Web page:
By Julian Hattem - 03/24/16 06:10 PM EDT
A Senate Democrat on the Select Intelligence Committee is putting pressure on the Justice Department to release a contentious, secret legal opinion that is believed to be connected to cybersecurity law.
Sen. Ron WydenRon WydenOvernight Finance: McConnell offers 'clean' funding bill | Dems pan proposal | Flint aid, internet measure not included | More heat for Wells Fargo | New concerns on investor visas US wins aerospace subsidies trade case over the EU Wells CEO Stumpf resigns from Fed advisory panel MORE (D-Ore.), who has pressed the department to release the ruling since 2010, said in a letter Thursday the government should comply with a Freedom of Information Act (FOIA) request and end a lawsuit over the 2003 document.
“For these reasons, I encourage you to direct DOJ officials to comply with the pending FOIA request.”
The 2003 opinion remains shrouded in secrecy despite efforts from Wyden and civil liberties figures to bring it into the light.
It interprets “commercial service agreements” — presumably between telecommunications providers and their customers — and is suspected to outline how the government might be able to access some Americans' data.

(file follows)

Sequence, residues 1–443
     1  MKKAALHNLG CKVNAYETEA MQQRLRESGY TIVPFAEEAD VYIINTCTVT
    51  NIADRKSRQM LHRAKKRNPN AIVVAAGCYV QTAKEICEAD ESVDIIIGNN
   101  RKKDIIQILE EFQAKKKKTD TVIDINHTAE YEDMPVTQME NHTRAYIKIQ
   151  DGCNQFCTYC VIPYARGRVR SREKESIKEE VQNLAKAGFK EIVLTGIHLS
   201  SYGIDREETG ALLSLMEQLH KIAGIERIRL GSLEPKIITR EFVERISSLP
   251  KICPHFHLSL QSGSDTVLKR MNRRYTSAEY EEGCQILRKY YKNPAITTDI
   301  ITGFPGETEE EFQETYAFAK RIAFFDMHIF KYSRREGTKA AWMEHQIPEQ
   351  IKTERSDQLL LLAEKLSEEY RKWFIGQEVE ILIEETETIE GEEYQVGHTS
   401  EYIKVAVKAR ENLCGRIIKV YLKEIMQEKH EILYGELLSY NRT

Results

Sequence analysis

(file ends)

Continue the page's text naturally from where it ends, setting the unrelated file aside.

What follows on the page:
In November, the American Civil Liberties Union filed a lawsuit under FOIA demanding that the Justice Department’s Office of Legal Counsel release the order.
In his letter, Wyden raised alarm about a new classified memorandum of law filed earlier this month as part of that court case.
The memorandum “contains a key assertion which is inaccurate,” Wyden wrote on Thursday.
“This assertion appears to be central to the DOJ’s legal arguments, and I would urge you to take action to ensure that this error is corrected.”
In addition to the public letter, Wyden on Thursday sent a classified attachment going into added detail about the “inaccurate assertion.”